Growing and Scaling Your Dirt Business

Randy and Aaron Witt discuss the pitfalls of scaling a dirt business too quickly, as well as the advantages of intentional growth.

So much focus is placed on growing and scaling your business. One day you’re doing what you love, because you love it, and the next day, you’re running a business that’s larger than you imagined, spending your day putting out fires.

Blount would ask you, What are your goals? Do you want to grow a massive business to pass along to family—or sell—or would you rather shape a business that fits you and what you enjoy doing?

With so much pressure to grow, no matter what, it’s easy to get caught up in chasing a huge business. But what if you’re attached to operating a piece of equipment that you really enjoy? If so, perhaps building a mega Dirt World business isn’t right for you. It’s easy for the business to outgrow you if you’re not paying attention.

If you decide that you do want to scale, it’s important to reflect on how you’ve gotten to where you are now, including what mistakes you’ve made. Focus only on the big ones that can impact how you scale—for when other people on your teams will make some of the same mistakes you did.

To scale, you’ll need to let go of some control.

Blount suggests that growing a business has some parallels to parenting: Certain things you let your child do, where they can fail and the stakes aren’t high. But you wouldn’t, for example, leave electrical outlets uncovered.

Initially, you may not want to relinquish control, yet there’s a risk in remaining too hands on: “No one will rise, if every time they put their effort into something, they just get shut down,” said Blount.

Look for opportunities to share control, and seek to understand the other person’s perspective. It’s good to ask, “Help me understand why we're doing it this way. Why did you think to do it this way?” said Blount. “There's probably a few really good ideas in there.” Also, when you delegate, be sure to step back and let the person do the work. Resist the urge to micromanage, if you want your people and business to grow.

To protect the business, set some guardrails, or systems, that will apply, so you aren’t micromanaging every project. You have to acknowledge, “Okay, the business is bigger than me now—which happens super quick,” said Blount. “Try not to hold on to that. Check your ego here, too.”

Look for the definable activities and create a system of guardrail systems. Job costing is one of those systems; along with forecasting, project management, and budgets, to name a few.

Build in some freedom for your business—and yourself.

Within any controls that you establish, define where the safe space is for your teams (and the individuals on those teams) to be creative and make decisions. If you define those first, it will simplify a lot of future decisions. Where you need to, define the no-go areas as well.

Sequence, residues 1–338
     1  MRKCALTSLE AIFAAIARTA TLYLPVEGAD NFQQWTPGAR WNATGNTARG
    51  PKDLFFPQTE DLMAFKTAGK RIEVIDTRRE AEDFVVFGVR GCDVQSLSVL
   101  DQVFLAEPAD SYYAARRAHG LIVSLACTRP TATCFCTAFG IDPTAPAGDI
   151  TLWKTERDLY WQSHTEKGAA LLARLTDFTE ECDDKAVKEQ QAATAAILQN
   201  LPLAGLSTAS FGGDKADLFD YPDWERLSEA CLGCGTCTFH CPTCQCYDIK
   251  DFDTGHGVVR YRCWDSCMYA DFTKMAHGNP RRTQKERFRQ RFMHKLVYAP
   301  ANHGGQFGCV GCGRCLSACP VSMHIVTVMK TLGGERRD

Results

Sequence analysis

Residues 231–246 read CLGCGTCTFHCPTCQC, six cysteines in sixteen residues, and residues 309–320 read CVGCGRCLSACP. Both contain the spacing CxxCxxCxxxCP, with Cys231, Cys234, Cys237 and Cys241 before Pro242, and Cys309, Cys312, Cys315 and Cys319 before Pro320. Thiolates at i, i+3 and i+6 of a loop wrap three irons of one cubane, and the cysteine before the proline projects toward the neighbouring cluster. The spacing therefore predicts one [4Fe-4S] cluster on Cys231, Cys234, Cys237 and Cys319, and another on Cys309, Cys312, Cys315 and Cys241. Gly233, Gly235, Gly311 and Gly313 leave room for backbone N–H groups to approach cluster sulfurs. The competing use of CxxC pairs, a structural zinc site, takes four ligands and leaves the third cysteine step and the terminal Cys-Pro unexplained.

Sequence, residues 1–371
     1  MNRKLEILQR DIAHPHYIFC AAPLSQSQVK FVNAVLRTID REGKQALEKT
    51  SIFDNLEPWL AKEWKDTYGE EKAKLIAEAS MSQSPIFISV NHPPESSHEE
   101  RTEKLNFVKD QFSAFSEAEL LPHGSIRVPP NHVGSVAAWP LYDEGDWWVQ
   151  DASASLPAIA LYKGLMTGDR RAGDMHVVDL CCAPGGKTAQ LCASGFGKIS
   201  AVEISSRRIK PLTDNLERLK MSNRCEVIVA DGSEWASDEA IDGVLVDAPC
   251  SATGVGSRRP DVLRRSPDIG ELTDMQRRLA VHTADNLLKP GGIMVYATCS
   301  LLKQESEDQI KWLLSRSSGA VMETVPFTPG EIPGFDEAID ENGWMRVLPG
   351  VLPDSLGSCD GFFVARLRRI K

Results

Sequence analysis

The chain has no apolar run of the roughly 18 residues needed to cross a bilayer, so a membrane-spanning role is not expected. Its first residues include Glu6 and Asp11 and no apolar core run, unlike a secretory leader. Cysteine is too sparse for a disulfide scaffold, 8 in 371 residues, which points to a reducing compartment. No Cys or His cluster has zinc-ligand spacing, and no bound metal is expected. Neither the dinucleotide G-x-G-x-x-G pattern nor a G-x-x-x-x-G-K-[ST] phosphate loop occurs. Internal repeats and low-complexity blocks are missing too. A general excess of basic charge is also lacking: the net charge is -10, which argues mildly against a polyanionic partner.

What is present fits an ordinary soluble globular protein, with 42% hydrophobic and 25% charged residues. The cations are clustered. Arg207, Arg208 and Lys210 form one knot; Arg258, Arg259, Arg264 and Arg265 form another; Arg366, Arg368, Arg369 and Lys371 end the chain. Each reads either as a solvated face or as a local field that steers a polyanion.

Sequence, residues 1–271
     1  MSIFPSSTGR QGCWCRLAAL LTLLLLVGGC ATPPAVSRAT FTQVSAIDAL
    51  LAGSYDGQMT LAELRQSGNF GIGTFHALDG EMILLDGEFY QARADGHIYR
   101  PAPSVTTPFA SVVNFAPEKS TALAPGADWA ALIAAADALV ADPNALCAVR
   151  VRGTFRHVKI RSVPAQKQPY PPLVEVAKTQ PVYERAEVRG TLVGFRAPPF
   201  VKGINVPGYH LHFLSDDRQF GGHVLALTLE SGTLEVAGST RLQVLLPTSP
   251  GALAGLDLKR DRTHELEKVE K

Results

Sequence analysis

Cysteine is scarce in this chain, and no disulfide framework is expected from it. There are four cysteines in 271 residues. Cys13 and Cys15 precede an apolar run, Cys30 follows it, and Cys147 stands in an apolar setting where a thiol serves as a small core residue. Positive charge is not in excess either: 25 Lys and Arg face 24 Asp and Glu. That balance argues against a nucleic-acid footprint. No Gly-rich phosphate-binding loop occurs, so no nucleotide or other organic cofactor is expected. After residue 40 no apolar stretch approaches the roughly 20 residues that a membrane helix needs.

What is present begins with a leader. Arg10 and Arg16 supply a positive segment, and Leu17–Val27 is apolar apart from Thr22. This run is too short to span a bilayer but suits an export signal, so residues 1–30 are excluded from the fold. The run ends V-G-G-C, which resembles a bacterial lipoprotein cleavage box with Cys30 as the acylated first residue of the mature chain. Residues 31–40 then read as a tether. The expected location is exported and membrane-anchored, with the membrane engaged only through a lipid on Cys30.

As Blount noted, some of his biggest mistakes turned out to be his business’s biggest blessings. When you’re new to delegating, expect to see some things done differently than you would do them. If you can let it play out, things may be fine. “Don't be so in a rush to step in and stop what's happening,” said Blount.

Cost-benefit analysis comes in handy here, too. When you review the outcomes, compared to your estimates, you may find that doing something differently has a cost that’s smaller than you’d imagine.

Scaling your business can benefit your personal life as well. For Blount, “The last three years of my life have improved exponentially."

With the right people and systems in place, he and his wife could take a 12-day European vacation, with both guardrails and safety nets in place that protected the business from any interruption.

Trust and empower your people. “There’s this creativity that's allowed within these safety measures that creates innovation. If you just keep narrowing them more and more,” Blount said, “All of a sudden, there's no innovation. We're not getting better.”

Empowering your people leads to a greater sense of control over both your business and your life.


Two primary takeaways here are:

  • Decide if scaling the business is right for you, and then
  • Do so in ways that also grow your people

Blount knows that if he had attempted to retain total control, the business would be perhaps a third of its current size. And he also doubts he’d still be in the industry.

“From 26 to 30, I learned and grew a ton.” But he did it working 36 hours straight on occasion, which is not sustainable behavior. Most likely, he would have burned himself out, “which would have been sad, because I love this industry,” concluded Blount.

Allow for creative problem-solving and you’ll not only grow your business—you’ll also grow your people. As a leader, Blount said, “Some of the greatest joys you have should be having those guys who step up or those girls who step up and make those leadership decisions, and they just knock it out of the park.”

Want to learn more about scaling your business? The best way is to learn from people who've done it. Check out Aaron's conversation with Alan Guy, who helped grow Anvil Builders into a leader in California's disaster clean-up space. 

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